Working with a Nutritionist

If you are considering implementing dietary changes to treat your child’s autism, nutritional counseling is your best bet. Working with a nutritional counselor can help you make sure your child is still getting the right amount of vitamins, minerals and other nutrients for proper development.

Working with a nutritionist is also beneficial if you want to try a gluten and casein free diet for your child. It can be challenging to eliminate all foods containing both substances.

A nutritionist, dietitian, or naturopath can also make recommendations to deal with any other eating problems that may be associated with autism. For example, if your child has difficulties with the texture of certain foods, a nutritionist may suggest alternatives that provide the same nutrients or recommend supplements.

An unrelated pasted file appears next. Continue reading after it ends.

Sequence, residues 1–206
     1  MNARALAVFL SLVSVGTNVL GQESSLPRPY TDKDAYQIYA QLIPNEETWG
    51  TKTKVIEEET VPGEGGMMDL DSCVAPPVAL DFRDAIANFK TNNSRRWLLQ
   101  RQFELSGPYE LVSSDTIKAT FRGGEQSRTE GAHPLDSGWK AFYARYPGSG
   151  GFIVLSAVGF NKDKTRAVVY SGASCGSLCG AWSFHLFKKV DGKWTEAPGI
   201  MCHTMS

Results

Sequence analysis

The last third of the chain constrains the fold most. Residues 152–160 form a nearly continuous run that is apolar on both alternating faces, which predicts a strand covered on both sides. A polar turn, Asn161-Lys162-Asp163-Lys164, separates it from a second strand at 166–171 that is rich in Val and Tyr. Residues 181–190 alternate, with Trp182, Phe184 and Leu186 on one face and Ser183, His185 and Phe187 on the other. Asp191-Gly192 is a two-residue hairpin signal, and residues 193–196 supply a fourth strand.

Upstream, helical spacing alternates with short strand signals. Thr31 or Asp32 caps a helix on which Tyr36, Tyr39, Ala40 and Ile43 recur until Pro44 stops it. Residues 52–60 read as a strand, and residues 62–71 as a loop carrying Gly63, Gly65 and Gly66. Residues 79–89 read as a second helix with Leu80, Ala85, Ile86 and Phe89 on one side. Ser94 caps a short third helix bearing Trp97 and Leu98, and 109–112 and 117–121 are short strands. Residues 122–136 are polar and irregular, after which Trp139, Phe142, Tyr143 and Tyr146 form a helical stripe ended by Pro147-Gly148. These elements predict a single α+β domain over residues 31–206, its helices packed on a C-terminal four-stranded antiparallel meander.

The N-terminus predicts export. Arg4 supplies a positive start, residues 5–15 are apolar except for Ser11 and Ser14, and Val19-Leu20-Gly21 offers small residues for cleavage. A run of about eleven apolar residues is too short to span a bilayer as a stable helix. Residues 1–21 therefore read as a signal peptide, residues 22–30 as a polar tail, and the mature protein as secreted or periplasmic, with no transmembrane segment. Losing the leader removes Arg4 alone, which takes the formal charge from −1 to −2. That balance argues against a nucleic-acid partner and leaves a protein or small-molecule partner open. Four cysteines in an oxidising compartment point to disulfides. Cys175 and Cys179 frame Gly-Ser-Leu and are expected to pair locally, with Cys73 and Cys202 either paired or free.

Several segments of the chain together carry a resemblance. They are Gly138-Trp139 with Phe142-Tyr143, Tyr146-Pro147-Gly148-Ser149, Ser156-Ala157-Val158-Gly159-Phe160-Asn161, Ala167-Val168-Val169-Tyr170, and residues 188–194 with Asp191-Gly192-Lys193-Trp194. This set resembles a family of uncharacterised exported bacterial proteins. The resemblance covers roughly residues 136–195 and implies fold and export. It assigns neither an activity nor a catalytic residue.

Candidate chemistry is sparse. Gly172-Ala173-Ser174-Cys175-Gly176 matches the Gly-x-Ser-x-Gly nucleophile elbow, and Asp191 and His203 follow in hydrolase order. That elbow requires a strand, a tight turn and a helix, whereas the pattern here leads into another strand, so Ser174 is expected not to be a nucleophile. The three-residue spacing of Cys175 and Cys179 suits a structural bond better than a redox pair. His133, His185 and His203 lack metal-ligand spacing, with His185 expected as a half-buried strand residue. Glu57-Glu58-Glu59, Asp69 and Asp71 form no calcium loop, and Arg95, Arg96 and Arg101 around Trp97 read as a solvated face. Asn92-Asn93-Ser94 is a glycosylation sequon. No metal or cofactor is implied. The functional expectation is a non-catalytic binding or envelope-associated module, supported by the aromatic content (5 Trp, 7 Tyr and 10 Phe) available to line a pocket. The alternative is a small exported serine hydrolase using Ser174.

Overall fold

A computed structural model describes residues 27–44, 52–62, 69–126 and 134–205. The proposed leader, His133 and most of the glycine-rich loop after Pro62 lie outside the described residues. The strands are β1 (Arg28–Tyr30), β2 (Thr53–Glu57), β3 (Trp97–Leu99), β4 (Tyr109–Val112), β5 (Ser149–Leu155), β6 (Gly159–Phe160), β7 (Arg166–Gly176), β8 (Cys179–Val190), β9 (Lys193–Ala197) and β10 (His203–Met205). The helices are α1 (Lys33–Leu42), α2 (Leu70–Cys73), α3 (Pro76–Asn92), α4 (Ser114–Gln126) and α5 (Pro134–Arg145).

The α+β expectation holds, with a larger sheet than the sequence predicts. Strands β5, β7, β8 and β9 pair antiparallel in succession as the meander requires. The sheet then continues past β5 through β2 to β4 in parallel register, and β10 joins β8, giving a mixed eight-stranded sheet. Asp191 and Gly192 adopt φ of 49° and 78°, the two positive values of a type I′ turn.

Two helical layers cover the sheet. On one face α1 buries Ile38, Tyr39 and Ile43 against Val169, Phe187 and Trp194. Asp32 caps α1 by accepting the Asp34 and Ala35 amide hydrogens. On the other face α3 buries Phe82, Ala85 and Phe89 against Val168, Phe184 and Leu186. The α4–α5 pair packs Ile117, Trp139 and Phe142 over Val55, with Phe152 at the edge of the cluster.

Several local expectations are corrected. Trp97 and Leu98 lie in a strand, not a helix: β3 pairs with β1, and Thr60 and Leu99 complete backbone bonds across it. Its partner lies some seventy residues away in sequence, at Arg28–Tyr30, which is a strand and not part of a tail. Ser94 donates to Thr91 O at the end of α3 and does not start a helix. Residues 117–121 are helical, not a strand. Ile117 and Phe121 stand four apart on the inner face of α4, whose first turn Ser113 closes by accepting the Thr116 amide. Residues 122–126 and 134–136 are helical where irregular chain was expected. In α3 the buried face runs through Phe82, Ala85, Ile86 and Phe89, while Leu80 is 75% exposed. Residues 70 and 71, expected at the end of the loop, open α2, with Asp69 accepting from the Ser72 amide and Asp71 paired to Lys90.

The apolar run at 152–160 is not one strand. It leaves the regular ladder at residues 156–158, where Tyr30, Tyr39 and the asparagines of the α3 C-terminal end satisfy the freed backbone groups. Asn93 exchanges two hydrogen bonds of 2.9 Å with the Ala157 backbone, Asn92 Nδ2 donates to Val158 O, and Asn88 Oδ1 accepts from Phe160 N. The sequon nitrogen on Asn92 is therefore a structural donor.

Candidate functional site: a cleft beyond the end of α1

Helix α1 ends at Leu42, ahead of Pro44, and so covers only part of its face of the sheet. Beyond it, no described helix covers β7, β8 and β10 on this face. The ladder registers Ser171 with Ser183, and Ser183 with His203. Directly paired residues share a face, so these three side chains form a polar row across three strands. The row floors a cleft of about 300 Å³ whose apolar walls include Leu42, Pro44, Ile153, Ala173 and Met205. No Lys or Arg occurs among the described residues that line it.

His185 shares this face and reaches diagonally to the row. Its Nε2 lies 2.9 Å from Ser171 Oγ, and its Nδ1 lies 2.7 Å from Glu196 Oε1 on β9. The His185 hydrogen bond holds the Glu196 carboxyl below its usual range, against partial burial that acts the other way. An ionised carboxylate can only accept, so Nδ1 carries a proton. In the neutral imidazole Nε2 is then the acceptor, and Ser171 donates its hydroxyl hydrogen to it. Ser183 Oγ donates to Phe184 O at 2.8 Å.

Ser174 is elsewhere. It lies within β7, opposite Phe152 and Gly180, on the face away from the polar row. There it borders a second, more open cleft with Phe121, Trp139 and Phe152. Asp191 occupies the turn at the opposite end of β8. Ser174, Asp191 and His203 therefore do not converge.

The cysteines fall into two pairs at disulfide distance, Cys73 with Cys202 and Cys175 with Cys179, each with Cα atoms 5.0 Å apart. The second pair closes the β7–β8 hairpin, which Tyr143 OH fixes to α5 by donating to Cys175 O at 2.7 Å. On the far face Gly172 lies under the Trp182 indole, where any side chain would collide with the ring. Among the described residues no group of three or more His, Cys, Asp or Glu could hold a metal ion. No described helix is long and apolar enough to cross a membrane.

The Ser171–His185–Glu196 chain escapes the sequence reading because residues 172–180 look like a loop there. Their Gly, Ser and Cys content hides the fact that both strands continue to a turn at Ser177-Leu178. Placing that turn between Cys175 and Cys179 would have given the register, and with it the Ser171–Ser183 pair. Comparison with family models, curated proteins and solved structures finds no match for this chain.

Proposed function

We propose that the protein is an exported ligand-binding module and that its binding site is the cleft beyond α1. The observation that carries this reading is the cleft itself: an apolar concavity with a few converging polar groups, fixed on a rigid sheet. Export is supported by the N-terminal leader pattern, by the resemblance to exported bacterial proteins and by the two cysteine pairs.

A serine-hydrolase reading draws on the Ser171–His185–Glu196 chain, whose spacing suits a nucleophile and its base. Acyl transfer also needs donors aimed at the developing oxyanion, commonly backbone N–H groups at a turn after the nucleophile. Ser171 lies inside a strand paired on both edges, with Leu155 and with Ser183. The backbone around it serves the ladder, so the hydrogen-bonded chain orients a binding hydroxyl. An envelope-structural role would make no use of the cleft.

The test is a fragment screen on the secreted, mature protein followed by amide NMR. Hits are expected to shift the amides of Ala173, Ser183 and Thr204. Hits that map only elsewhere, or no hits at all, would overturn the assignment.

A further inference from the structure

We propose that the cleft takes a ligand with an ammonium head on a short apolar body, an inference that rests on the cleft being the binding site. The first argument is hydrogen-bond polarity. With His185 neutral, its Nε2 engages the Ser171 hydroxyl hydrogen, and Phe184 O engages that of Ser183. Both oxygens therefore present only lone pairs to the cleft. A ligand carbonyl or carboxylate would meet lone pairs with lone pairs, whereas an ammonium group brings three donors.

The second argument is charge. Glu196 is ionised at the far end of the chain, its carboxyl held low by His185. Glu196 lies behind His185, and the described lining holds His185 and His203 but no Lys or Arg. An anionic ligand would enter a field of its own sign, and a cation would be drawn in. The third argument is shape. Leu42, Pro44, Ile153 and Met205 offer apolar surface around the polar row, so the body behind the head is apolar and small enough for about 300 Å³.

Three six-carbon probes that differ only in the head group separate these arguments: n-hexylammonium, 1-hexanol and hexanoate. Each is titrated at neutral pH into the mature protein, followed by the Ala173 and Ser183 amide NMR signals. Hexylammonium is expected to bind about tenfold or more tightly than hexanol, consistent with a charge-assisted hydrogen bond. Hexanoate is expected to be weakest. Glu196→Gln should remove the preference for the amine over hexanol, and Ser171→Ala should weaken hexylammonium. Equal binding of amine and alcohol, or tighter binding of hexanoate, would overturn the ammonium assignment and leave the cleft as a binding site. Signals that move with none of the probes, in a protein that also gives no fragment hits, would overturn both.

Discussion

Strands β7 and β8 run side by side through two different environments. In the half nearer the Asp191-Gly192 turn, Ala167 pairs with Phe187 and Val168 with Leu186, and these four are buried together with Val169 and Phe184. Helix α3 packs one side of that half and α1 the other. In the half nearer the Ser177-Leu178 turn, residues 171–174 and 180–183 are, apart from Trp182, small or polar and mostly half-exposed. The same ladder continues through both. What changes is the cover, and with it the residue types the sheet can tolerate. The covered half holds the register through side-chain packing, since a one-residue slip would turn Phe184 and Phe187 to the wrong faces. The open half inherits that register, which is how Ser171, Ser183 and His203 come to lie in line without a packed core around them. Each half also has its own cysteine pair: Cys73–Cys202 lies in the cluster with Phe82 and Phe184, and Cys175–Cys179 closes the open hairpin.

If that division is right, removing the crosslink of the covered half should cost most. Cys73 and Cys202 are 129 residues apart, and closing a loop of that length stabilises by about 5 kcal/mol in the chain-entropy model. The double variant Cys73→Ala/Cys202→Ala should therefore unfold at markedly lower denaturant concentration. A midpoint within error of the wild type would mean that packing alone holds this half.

To locate a nutritionist near you, talk to your child’s pediatrician. You may also find recommendations through a local autism organization in your area.

Athletic Injuries and Recovery with Massage

Athlete's Muscles Professional Massage Treatment after Sport Workout, Fitness and Wellness

If you are an athlete, you know how important it is to train hard and take precautions to avoid getting hurt.

But even with the proper gear and preparation, athletic injuries happen. Treatment for athletic injuries varies based on the type and severity of the problem. In some cases, massage may be a good option to decrease pain and speed up recovery.

Common Athletic Injuries